Glenda — Thank you for your prompt response. So reatly appreciated. You sound like a wonderful, compassionate person (as I have seen from some of your earlier posts as well as your post here) and everything you say I believe in 100 per cent. But it is so hard to “do” what you suggest because something is “disabling” me, keeping me from doing what I should do, and more imprtantly, USED to do. I know I need to do what Victor Frankel states so emphatically in his great book: search for meaning. It is necessary to my surviviaI. I don’t want to “leave,” but the hopelessness and lack of purpose and lonliness just seems too much of a burden to carry. But I will continue to solder on. Thanks again, you’re a jewel.

    • Glenda says:

      Hi again Jim,

      Odd as it may seem, I have truly stood in a place like the one you’ve described. You’ve outgrown your reality, and you may have also outgrown your previous interests, previous friendships, previous belief systems. In order to stay here in the world, you will have to reach for a radical reinvention.

      Instead of being worried by the process, open yourself to it the way that a flower opens up to the light. Trust your best instincts, trust life and the force that has created all life in the universe (whatever you take that force to be–attributions are not important in the face of the biggest questions).

      Reaching out to help someone who truly struggles with life’s simplest basic needs, will bring you a new kind of purpose and meaning. Find a child who suffers, a refugee, a person struggling with illness or recovery. Lift them, bring them healing, and find that your soul is blooming and glows from within, lit by a new kind of light.

      If the first layer of reaching out, doesn’t activate a new kind of life purpose and illuminate a different sort of sensibility, then step out from where you are by another layer–and even a layer past that. The light will come. And you will simply not be the same person you are now.

      This blog is just one of the processes and offerings I give to life (to Life, as it were). I find enhanced joy as I continue to step out into reinvented realities. You can too.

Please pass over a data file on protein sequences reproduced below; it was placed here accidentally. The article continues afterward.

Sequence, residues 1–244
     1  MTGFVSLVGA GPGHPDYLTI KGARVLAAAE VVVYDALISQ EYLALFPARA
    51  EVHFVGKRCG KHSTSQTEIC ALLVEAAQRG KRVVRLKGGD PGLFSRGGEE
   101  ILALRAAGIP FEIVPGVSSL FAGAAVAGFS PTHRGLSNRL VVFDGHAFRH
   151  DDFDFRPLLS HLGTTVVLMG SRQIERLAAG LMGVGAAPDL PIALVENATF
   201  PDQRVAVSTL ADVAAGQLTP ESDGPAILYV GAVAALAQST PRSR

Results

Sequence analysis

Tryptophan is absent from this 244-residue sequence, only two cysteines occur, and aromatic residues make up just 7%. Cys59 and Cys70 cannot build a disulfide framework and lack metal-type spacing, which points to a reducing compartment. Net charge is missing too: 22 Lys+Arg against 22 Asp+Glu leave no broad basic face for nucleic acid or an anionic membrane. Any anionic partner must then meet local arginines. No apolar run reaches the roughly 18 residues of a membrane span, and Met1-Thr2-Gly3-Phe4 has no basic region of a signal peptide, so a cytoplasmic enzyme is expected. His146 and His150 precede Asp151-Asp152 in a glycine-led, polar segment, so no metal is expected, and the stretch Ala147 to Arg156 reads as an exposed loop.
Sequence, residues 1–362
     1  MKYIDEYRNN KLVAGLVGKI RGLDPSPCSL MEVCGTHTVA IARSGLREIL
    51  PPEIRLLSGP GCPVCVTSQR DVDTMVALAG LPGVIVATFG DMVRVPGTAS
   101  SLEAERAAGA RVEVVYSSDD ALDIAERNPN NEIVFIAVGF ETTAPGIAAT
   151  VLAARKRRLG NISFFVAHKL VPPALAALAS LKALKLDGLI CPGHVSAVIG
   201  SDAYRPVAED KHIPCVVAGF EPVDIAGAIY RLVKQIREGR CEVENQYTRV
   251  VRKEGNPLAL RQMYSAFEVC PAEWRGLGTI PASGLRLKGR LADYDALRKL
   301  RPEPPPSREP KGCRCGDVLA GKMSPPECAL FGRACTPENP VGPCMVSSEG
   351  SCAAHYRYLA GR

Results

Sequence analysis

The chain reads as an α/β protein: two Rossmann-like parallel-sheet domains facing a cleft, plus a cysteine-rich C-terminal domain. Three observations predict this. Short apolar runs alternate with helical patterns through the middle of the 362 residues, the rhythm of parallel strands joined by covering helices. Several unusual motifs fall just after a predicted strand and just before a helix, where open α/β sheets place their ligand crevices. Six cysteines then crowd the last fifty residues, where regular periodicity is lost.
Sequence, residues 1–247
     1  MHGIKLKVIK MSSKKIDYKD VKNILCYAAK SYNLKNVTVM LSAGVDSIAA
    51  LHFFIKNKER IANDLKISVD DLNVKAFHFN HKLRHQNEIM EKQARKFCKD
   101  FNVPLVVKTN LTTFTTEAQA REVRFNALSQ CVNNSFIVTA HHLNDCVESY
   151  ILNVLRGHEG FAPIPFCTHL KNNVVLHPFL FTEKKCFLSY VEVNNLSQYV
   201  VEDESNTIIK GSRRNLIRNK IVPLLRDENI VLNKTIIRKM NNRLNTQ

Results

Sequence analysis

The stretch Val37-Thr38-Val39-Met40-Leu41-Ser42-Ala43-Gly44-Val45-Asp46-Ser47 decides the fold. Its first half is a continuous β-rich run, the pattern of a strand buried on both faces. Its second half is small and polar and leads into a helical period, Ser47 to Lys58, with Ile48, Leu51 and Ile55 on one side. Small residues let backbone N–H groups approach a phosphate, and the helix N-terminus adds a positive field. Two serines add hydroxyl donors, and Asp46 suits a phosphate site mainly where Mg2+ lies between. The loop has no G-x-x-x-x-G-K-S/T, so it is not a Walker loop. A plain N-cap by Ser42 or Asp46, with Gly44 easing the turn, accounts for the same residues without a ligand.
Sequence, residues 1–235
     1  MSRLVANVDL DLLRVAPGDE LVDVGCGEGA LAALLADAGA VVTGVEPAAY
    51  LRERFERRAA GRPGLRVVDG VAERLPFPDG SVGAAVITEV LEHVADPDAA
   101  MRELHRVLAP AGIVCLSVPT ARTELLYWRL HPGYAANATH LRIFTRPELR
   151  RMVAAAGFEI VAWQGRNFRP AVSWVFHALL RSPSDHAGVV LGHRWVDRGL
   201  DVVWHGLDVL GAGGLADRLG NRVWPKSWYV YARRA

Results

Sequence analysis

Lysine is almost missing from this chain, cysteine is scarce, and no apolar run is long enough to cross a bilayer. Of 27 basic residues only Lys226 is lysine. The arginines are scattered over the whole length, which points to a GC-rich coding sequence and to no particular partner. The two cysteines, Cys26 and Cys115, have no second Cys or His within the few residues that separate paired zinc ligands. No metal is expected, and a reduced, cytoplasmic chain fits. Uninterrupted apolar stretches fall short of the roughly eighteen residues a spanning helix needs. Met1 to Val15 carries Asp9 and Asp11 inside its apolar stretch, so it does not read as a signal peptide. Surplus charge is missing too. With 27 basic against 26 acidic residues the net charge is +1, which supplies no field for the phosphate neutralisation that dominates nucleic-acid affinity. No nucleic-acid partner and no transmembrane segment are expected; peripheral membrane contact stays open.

Also, take good care of yourself. Rest when tired, eat well, say kind things to yourself in the midst of your uncertainty. I promise you that if you do these things with a willing and open heart; and then couple that approach with the patience to allow yourself to organically evolve rather than ‘solve’ everything this red hot minute–well then, I promise you that the best is yet to come.

      Sending you joy in the adventure of reinvention,
      Glenda

  25. Borut says:

    The suicidal thought is on my mind alot of times. Last week I thought I finnaly overcomed it, but yesterday it came back. I try to replace the bad thought with a good one and it works for few days but then it comes back. I also try to think that the bad thought can’t do nothing and that I control it. What should I do now?

    • Glenda says:

      Dear Borut,
      Your question is a very good one.

      You are doing the right thing, but you cannot expect instant results. If you have been making yourself bad or wrong for a long time, then that is not something that goes away in a few days. Just like changing your diet, your friendships, or changing any other unhelpful habit, noticing you are thinking ‘bad’ thoughts and changing them for good ones, is a process and a journey.

      Strange as it may seem, you also have to be willing to stop hating or disliking yourself for making mistakes. You will need to let your past mistakes go, and the mistakes of others, too. Leaving sadness, worry, self-attack thoughts, and anxiety behind is a process rather than a single point of arrival.

      Don’t worry–be persistent. Be very kind to yourself, get lots of rest, eat healthy foods, and hang around with people who bring you happiness. Over time, you will find it easier and easier to make your life better.

      I wish you light on your journey,
      Glenda

  26. Maddi says: